Homebrew batch #4 is a Rye Pale Ale.  We decided to step it up a bit and take on a recipe that is a little more involved plus it is my favorite beer style - I'm hooked on Terrapin's Rye Pale Ale.

We're still stuck on the Brewer's Best kits since we have had success with them so far.  The Rye Pale Ale beer kit is from their "intermediate" line in terms of difficulty.  The only real difference with this kit as opposed to an "easy" kit is that you steep your grains differently (a partial mash process).  For this kit you employ a "steep-to-convert" process which is a simplified version of mashing.

Most of the grains in extract brewing are pre-converted meaning the starches inside the malted barley have already been converted into sugars through special heating processes.  Base malts (like Pale) are not pre-converted.  They contain starches inside the husk that need to be converted.  The process adds an additional 45 minutes to the overall brewing time.  The hardest part is maintaining a constant temperature of approximately 150 degrees.  It seemed impossible to keep our temperature constant so we would let the heat creep up to 155 and then turn the burner off.  After it decreased to 148 we would reignite and monitor until it was at 155 again and repeat the actions above.

After the "steep-to-convert" procedure it is pretty much business as usual (with one exception as noted below) and the directions are similar to the previous 3 kits we have completed.  With this recipe we used 5 gallons of bottled spring water.  For the past recipes I have used distilled water but read that the minerals in other types of water lend to the overall taste so we are switching things up.

Things got a little dicey when we went to pitch the yeast.  We used a liquid variety from White Labs over the dry yeast packet that comes inside the kit.  It was real close the expiration date so I was slightly concerned it about it still being fresh and active.  When I opened it it fizzed and spewed like a soft drink that had been shaken.  At this point, I didn't have much of an alternative except to pour it in and hope for the best.  Well, a quick Google search and my fears were alleviated.  This is apparently quite common and most brewers reported no problems.  Within 8 hours of pitching the yeast my airlock was bubbling furiously.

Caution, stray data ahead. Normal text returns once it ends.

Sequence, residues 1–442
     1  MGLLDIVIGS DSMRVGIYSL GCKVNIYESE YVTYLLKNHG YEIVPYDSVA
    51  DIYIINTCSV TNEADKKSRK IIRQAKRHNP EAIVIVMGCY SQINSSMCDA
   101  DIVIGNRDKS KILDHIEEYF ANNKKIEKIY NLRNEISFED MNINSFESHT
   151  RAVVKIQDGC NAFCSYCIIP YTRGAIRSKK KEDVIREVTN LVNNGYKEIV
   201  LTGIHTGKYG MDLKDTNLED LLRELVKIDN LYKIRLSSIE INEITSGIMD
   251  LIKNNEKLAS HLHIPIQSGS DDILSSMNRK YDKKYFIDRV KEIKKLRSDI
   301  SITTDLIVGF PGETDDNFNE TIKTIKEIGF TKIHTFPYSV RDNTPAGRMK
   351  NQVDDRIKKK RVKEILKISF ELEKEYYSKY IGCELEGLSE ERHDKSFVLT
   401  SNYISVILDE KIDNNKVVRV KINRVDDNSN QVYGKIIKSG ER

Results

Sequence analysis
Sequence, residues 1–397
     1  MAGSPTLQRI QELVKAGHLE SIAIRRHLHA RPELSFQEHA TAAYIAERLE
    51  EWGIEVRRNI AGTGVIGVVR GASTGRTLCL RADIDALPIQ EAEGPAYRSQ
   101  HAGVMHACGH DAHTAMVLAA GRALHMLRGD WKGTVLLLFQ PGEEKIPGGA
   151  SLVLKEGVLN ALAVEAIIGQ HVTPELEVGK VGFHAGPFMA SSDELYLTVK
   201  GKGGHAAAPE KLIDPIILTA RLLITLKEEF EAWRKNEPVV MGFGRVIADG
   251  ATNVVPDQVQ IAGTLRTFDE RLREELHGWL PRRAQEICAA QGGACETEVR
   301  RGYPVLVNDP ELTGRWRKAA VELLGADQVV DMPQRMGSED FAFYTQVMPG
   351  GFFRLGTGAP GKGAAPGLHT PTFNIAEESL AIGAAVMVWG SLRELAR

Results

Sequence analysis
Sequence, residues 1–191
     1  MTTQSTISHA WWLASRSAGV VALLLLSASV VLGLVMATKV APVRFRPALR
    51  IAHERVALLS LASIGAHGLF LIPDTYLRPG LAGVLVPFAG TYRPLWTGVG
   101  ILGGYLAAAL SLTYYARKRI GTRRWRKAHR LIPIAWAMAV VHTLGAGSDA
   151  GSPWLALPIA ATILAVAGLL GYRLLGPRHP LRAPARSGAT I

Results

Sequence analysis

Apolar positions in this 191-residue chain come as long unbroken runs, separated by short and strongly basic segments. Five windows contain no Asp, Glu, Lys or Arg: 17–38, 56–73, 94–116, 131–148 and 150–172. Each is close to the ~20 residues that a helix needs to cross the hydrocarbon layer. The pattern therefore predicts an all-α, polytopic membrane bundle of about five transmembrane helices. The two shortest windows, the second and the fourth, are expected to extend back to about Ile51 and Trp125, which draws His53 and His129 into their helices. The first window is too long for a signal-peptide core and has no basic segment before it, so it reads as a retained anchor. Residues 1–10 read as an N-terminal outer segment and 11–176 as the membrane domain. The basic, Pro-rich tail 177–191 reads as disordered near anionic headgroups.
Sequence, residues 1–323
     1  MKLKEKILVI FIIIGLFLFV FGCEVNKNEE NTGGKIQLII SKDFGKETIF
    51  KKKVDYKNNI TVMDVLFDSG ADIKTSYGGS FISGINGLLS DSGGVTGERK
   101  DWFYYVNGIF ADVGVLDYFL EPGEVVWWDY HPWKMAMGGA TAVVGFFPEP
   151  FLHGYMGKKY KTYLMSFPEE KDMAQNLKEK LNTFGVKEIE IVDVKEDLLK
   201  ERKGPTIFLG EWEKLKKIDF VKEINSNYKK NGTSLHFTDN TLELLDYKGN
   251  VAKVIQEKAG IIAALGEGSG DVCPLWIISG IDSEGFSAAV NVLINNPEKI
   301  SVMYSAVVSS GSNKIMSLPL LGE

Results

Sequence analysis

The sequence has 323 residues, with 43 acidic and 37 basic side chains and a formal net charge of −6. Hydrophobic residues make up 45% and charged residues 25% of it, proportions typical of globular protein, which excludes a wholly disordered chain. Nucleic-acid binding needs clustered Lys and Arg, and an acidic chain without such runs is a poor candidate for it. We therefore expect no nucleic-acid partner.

Secondary fermentation was started 7 days after primary.  The airlock was still bubbling about every 4 minutes so my goal of moving it to secondary before fermentation completed was achieved.

Another difference with this kit is the addition of "dry hopping".  Dry hopping is the process of adding hops to the beer after the boil and usually to secondary fermentation for the purpose of increasing aroma in the finished beer.  The directions called for a two week secondary fermentation process but something odd happened.  About one week into it the hops had mostly fallen to the bottom of the carboy and fermentation seemed to have ceased.  On about the ninth day it appeared fermentation had started again!  I didn't know if  perhaps the beer was contaminated or what was happening.  I was reminded by my brewing partner (and lovely girlfriend) that the AC in her house was off for a period of time and the temperature crept up to 81 degrees.  Could that have re-activated the yeast?  Even after many weeks the airlock was still bubbling.  A quick Google search indicated the only sure way to tell if fermentation had stopped was to test with a hydrometer.  I'm getting concerned about this batch but time will tell.

When it came time to bottle I wasn't sure what to expect.  We had left the wort in secondary fermentation for about 6 weeks and still noticed activity.  We decided that it was time to move forward and bottle.  A hydrometer reading indicated that the beer was, indeed, at its finishing gravity.  I question how long it had been there but the lesson learned is that visual activity in the wort (or lack there of) isn't the best indicator of what's truly going on with your beer.  Trust your tools, in this case a hydrometer, and use them.  My concern now is how the lengthy secondary fermentation will affect taste.

The moment of truth...

Despite some uncertainty, it looks like we're going to have a decent batch of Rye Pale Ale to drink.  Already thinking about what's next.  Dare were try an all grain recipe...?